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At the height of the eurozone crisis, EU leaders would frequently express annoyance that they were the focus of almost every major international conclave, from Group of 20 summits to annual International Monetary Fund meetings. Resentment would become particularly piqued when leaders from the developing world – like Brazil or Mexico – lectured their European counterparts on getting their economies in order.
That crisis may be in remission, but another European one – of refugees – is due to be among the main topics of conversation at the annual talkfest for global elites at the World Economic Forum in Davos, which starts today. According to the forum’s formal schedule, there are no fewer than five officially-sanctioned events on the topic, including a one-on-one session between host Klaus Schwab and Joachim Gauck, the German president; a panel discussion featuring Germany’s vice-chancellor Sigmar Gabriel and Swedish prime minister Stefan Löfven; and a press conference with the head of the International Organisation for Migration.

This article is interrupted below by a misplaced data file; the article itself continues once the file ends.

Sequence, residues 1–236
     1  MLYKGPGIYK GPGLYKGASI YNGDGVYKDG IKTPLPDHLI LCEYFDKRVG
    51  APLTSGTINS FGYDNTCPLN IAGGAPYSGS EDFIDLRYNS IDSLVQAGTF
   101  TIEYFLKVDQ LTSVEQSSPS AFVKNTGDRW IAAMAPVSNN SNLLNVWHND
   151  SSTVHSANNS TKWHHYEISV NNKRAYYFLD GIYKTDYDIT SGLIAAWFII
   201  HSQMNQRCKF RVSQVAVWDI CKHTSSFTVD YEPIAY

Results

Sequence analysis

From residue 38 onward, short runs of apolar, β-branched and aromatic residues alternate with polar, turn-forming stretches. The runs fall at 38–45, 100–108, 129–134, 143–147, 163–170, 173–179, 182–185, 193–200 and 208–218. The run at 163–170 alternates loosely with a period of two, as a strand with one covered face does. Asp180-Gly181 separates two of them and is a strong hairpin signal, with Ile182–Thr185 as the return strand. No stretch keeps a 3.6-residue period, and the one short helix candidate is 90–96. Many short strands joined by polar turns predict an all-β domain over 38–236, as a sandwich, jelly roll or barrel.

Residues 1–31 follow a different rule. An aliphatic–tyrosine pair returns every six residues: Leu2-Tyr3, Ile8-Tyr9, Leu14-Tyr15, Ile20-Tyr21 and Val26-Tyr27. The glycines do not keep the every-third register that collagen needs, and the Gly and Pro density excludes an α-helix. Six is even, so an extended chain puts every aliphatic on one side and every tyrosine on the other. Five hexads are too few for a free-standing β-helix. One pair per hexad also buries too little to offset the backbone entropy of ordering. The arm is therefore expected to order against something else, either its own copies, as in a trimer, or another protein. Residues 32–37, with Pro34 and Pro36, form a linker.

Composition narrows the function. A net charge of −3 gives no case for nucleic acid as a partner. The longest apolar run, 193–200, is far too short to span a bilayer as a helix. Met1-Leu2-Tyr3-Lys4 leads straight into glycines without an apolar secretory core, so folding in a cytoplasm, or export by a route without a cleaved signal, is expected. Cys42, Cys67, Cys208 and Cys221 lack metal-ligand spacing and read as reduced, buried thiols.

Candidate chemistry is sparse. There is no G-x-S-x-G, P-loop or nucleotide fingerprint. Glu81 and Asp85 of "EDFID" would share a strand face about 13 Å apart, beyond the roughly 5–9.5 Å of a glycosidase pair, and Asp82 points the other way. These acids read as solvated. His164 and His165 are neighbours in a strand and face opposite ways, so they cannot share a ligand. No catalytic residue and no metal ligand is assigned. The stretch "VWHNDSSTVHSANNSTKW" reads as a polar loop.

In a pre-Davos interview with the Associated Press, Mr Schwab said Europe was at a “crossing point”, and it needed to find a balance between the humanitarian instinct to help struggling refugees with the reality of limited capabilities to do so. “My concern is that Europe, at the moment, is in a phase of disintegration,” Mr Schwab told the AP. “Europe would be completely marginalized if we break up into different nation-states again.” Read more